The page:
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Sea Buckthorn



Sea Buckthorn bushes grow anywhere from 6 to 13 feet (2 to 4 metres) high. Some varieties are more trees, some are more shrubs. Some can be grown as hedges. They can be grown from seed, and are cold hardy down to around -40 F / -40 C.

The bushes like full sun and well-drained soil. They will grow in poor soils, but not dry areas. They tolerate sea spray and salinity, so on coastlines they can out-compete many other plants.

Sea Buckthorn bushes have narrow leaves averaging 1 to 3 inches (2 1/2 to 7 1/2 cm) in length. The leaves are silvery, becoming dull green as they get older. A few cultivars are thornless.

Plants are male or female. The gender of the plant is only evident once it has flowered (the male plants have smaller flower buds.) You need a male plant and a female plant for berries to appear on the female bushes.

The small, yellow blossoms appear before the leaves do; male plants rely on the wind to carry the pollen to the female plants.

The bright orange or red Sea Buckthorn berries grow on 2 and 3 year old branches, ripening at the end of August or the start of September. The berries are not easy to pick because the berries are so small, only about 1/5 inch (5 mm) wide, and because they are firmly attached to the branches: they will even cling to the branches the entire winter. There has to date (2006) been no success with mechanical harvesting; it has to be done by hand.

Sea Buckthorn Berries have a very tart taste. They can be used for jams and jellies, or processed into juice or an oil extract. The leaves can be used for tea. The berries are also being used commercially in skin creams and lotions.

The buzz around Sea Blackthorn Berries at the start of the 21st century has centred around their nutritional and medicinal value.

China has large planting programmes for Sea Buckthorn, with two purposes: one is to provide income crops for people, the second is to regenerate deforested areas where attempts to plant other vegetation have failed. The Sea Buckthorn has reduced soil erosion by up to 90% in some areas, and provides shelter and food for wildlife.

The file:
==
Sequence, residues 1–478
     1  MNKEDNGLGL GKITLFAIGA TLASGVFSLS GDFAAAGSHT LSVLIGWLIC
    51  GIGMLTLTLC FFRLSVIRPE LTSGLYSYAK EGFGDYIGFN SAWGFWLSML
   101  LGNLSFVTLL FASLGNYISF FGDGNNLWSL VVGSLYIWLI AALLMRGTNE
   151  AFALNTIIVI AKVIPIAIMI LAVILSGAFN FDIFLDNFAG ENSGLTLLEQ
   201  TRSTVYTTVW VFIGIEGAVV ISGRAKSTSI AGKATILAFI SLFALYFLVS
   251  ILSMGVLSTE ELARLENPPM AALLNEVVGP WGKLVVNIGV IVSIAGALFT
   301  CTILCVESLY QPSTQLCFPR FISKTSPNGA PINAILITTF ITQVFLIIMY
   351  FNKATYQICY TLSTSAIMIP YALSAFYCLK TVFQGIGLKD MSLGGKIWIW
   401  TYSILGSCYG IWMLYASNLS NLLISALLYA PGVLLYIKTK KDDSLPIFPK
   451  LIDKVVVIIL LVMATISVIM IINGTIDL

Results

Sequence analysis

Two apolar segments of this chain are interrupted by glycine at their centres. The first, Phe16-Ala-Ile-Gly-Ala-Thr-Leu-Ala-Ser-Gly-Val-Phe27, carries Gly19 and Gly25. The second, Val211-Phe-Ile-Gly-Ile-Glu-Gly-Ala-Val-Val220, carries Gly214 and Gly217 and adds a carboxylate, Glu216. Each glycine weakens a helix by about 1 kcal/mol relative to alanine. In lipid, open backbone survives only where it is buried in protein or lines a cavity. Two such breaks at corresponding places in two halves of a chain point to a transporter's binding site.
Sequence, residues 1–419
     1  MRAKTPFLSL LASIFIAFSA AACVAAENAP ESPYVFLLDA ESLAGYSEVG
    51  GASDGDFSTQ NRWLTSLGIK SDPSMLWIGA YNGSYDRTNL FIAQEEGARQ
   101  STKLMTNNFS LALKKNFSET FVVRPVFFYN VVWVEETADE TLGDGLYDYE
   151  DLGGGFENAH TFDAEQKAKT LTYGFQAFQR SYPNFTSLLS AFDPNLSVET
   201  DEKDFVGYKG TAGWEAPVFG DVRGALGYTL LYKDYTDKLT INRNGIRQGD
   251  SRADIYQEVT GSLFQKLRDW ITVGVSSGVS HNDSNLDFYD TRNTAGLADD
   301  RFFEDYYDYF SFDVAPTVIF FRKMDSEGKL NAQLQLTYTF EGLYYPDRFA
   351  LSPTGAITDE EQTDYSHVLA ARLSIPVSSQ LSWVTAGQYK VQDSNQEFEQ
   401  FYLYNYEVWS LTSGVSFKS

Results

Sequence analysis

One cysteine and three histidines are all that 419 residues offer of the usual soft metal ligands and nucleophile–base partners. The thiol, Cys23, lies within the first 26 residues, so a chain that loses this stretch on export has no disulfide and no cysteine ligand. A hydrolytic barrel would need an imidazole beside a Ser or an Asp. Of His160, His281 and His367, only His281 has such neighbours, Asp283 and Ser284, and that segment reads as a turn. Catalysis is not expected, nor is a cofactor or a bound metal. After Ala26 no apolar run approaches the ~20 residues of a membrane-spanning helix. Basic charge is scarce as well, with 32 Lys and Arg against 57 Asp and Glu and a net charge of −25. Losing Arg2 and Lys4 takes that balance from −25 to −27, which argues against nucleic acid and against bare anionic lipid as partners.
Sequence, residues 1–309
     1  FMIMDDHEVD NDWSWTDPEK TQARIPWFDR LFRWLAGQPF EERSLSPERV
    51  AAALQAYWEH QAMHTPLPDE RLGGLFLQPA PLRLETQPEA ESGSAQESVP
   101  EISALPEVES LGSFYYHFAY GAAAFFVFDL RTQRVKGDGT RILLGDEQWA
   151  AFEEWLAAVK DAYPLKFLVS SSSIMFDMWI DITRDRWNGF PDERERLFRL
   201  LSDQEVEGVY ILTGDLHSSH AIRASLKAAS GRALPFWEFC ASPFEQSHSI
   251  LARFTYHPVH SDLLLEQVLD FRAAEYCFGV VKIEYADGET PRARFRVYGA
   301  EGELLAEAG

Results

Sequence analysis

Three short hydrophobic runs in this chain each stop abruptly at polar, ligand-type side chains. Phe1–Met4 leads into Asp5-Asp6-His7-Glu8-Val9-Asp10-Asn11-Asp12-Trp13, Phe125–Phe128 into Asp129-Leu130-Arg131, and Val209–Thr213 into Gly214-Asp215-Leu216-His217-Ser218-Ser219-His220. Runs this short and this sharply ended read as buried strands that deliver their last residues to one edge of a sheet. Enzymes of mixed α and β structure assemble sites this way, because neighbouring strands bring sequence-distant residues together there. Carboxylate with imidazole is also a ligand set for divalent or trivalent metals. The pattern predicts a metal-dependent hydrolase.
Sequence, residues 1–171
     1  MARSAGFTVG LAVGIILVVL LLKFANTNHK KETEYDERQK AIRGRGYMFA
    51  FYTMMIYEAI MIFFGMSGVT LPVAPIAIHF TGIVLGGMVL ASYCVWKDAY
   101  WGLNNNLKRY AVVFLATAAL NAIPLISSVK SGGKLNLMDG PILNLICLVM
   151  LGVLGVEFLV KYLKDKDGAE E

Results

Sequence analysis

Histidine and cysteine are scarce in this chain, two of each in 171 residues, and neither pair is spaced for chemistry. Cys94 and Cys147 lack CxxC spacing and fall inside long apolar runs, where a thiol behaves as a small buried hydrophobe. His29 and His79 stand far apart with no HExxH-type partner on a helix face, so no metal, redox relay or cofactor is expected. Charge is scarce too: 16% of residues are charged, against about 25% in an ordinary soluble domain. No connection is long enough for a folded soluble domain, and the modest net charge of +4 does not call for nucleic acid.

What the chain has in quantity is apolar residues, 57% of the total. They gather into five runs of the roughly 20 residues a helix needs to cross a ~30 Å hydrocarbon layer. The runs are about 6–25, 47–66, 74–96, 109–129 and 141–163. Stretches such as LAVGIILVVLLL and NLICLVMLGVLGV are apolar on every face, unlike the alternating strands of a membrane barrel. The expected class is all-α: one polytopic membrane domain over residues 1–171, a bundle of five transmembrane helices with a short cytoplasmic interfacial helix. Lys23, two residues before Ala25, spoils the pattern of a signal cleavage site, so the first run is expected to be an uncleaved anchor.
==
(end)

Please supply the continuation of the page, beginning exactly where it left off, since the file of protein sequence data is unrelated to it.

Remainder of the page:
Plantings on the Canadian prairies have also been done with an eye to erosion control and wildlife shelter. The berries are not yet thought of in Canada as being a commercial investment, because hand-harvesting depends on cheap labour.

Nutrition

Per 100 g fresh Sea Buckthorn Berries: (average amounts) -- 600 mg Vitamin C, up to 180 mg Vitamin E.



History Notes

Sea Buckthorn is native to high altitude areas in China and Russia. Many of the cultivars were developed in Russia.

Language Notes

The ancient Greeks fed the leaves of Sea Buckthorn to horses to give them a shiny coat. The "hippo" (meaning "horse") part of their scientific name ("Hippophae ssp.") comes from this.

Berries

Açaí Berries; Akala Berries; Aronia Berries; Baba Berries; Barberries; Berries; Bilberries; Black Currants; Black Gooseberries; Blueberries; Buffalo Currants; Bumbleberries; Cape Gooseberries; Cloudberries; Cranberries; Devil Spits Day; Egton Bridge Gooseberry Show; Elderberries; Garden Huckleberries; Gooseberries; Haw Flakes; Hawthorne Berries; Huckleberry; Hudson Bay Currants; Jostaberries; Lingonberries; Mulberries; Otaheite Gooseberry; Raspberries; Red Currants; Saskatoon Berries; Sea Buckthorn; Serendipity Berries; Strawberries; Sunberries; Tayberries; Thimbleberries; Ugni; Waimate Berries; White Currants; Wineberries; Wonderberries; Worcesterberries

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Also called:

Hippophae ssp. (Scientific Name); Sanddornbeeren, Sanddornfrüchte (German)

Citation

Oulton, Randal. "Sea Buckthorn." CooksInfo.com. Published 22 December 2004; revised 02 December 2007. Web. Accessed 12/14/2017. <http://www.cooksinfo.com/sea-buckthorn>.

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